II. Geography (physical), geology, Climate, flora and fauna.—Sir C. P. Lucas and H. E. Egerton, Geography of South and East Africa (Oxford, 1904); W. P. Greswell, Geography of Africa South of the Zambesi (Oxford, 1892); S. Passarge, Südafrika, eine Landes- Volks- und Wirtschaftskunde (Leipzig, 1908); J. C. Brown, The Water Supply of South Africa (Edinburgh, 1877); Sir W. Willcocks, Report on Irrigation in South Africa (1901); Proceedings 1st South African Irrigation Congress (Cape Town, 1909); R. Marloth, Das Kapland, insonderheit das Reich der Kapflora, das Waldgebiet und die Karroo, pflanzengeographisch dargestellt (Jena, 1908); F. H. Hatch & G. S. Corstorphine, The Geology of South Africa (2nd ed., 1909); Trans. Geol. Soc. S. Africa (Cape Town); W. Flint and J. D. F. Gilchrist (eds.), Science in South Africa (Cape Town, 1905); Reports of the S. A. Assoc. for Advancement of Science (Johannesburg); J. D. F. Gilchrist (ed.), Marine Investigations in S. Africa (3 vols., Cape Town, 1902–1905); Sir David Gill, Report on the Geodetic Survey of South Africa (3 vols., Cape Town, 1896–1905); W. C. Scholtz, The South African Climate … the Country as a Health Resort (1897); W. T. Thiselton-Dyer (ed.), Flora Capensis, vols. i.–vii. (1896–1900); H. Harvey, The Genera of South African Plants, 2nd ed., edited by Sir J. D. Hooker (Cape Town, 1868); G. Henslow, South African Flowering Plants (1903); W. L. Sclater, The Fauna of South Africa (4 vols., 1900–1901); F. Le Valliant, Histoire naturelle des oiseaux d’Afrique (6 vols., Paris, 1805–1808); F. L. Layard and R. Bowdler Sharpe, The Birds of South Africa (1875–1884); R. Trimen, Rhopalocera Africae australis; a Catalogue of South African Butterflies (Cape Town, 1862); R. Trimen and J. H. Bowker, South African Butterflies, a Monograph of the Extra-Tropical Species (3 vols., 1887–1889); G. B. Sowerby, Marine Shells of S. Africa (1892–1897); R. Trimen, Insect Life in South Africa (Cape Town, 1869); E. E. Austen, A Monograph of the Tsetse Flies (1903); J. A. Nicolls and W. Eglinton, The Sportsman in South Africa (1892); The following books are specially noteworthy for their accounts of the larger wild animals: Sir W. C. Harris, The Wild Sports of Southern Africa … Narrative of an Expedition … during 1836 and 1837 from the Cape … to the Tropic of Capricorn (Bombay, 1838; 5th ed., London, 1857); R. Gordon-Cumming, Five Years of a Hunter’s Life in the Far Interior of South Africa (2 vols., 1855); F. C. Selous, A Hunter’s Wanderings in Africa (1st ed. 1881; 5th ed., 1907), and African Nature Notes and Reminiscences (1908); H. A. Bryden, Nature and Sport in South Africa (1897); P. Selous and H. A. Bryden, Travel and Big Game (1897).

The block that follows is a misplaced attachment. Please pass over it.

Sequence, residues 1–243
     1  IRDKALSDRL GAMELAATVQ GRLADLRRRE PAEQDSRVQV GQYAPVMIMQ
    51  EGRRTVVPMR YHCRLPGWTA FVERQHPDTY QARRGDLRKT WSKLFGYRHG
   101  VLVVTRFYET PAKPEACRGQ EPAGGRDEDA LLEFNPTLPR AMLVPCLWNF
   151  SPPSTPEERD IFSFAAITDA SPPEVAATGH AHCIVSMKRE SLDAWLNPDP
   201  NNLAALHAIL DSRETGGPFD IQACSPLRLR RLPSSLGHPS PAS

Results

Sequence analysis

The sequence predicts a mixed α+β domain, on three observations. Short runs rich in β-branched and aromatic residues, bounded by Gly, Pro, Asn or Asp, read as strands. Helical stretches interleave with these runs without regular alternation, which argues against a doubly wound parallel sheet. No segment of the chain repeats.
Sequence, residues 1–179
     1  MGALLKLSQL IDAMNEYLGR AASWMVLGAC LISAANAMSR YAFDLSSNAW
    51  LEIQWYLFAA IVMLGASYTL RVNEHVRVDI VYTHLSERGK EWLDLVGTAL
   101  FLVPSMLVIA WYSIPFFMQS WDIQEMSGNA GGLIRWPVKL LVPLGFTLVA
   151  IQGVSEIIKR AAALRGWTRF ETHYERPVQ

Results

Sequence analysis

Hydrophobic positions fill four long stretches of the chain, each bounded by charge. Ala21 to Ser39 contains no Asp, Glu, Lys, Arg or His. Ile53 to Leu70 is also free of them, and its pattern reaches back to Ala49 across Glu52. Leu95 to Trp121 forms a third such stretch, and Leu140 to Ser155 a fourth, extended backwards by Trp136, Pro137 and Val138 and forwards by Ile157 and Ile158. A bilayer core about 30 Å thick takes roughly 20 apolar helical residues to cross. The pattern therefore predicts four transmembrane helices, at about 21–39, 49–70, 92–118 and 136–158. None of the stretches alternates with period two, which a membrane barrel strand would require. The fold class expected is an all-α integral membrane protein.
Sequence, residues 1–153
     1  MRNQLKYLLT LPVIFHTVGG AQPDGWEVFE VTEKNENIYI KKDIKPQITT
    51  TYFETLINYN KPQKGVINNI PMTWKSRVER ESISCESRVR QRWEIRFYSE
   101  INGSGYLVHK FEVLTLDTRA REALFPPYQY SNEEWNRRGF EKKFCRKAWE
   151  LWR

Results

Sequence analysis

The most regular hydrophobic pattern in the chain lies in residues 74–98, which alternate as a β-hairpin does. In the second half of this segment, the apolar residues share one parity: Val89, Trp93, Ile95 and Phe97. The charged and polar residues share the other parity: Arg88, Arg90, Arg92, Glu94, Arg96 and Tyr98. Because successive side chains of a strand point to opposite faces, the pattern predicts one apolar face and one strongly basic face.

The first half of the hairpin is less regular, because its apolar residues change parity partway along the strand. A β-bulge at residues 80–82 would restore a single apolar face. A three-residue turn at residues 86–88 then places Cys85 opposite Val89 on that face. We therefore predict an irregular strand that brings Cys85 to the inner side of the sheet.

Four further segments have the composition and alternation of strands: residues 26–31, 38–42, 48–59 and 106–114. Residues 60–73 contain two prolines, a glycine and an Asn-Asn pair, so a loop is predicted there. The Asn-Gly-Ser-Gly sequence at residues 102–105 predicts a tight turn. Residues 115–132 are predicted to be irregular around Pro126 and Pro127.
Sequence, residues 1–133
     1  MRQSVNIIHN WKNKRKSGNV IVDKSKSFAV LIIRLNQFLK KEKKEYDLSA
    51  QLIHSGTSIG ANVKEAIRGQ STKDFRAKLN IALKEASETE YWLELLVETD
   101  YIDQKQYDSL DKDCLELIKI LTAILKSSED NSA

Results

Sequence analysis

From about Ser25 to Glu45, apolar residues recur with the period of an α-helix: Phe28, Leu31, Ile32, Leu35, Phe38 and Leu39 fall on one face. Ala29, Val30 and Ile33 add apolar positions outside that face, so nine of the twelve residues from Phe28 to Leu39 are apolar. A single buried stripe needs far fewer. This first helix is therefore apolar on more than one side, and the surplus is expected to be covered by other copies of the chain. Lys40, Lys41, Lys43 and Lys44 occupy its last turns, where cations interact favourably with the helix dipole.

III. Ethnology, archaeology, art and languages (see also works cited under racial headings and Bantu Languages). G. Fritsch, Die Eingeborenen Südafrikas (Breslau, 1872); G. W. Stow, The Native Races of South Africa (1905); W. H. Bleek, A Brief Account of Bushman Folk-lore and other Texts (1875); D. Kidd, The Essential Kafir (1904); Savage Childhood (1906), and Kafir Socialism and the Dawn of Individualism (1908); J. P. Johnson, Stone Implements of S. Africa (1907), Pre-Historic Period in S. Africa (1910); A. P. Hillier, Antiquity of Man in S. Africa (1898); Bushman Paintings, copied by M. Helen Tongue, preface by Henry Balfour (Oxford, 1909), reproductions in colours; D. Randall-Maclver, Medieval Rhodesia (1906); R. N. Hall, Prehistoric Rhodesia (1909); A. H. Keane, The Gold of Ophir (1901); C. Peters, The Eldorado of the Ancients (1902); W. H. Bleek, Comparative Grammar of the South African Languages (1862–1869); J. Torrend, A Comparative Grammar of the South African Bantu Languages (1891); A. C. Madan, An Outline Dictionary intended as an Aid to the Study of the Languages of the Bantu and other Uncivilized Races (1905); C. Meinhof, Die Sprache der Herero, a grammar and vocabulary (Berlin, 1909); G. M. G. Hunt, English-Afrikander: Afrikander-English (1901); W. K. Viljoen, Beiträge zur Geschichte der cap-holländischen Sprache (Strassburg, 1896); D. C. Hesseling, Bijdrage tot de geschiedenis der nederlandsche taal in Zuid-Afrika (Leiden, 1899); H. Effers, Practische hollandsche Spraakkunst (Cape Town, 1894), and Elementary Grammar of the Dutch Language (Cape Town, 1898).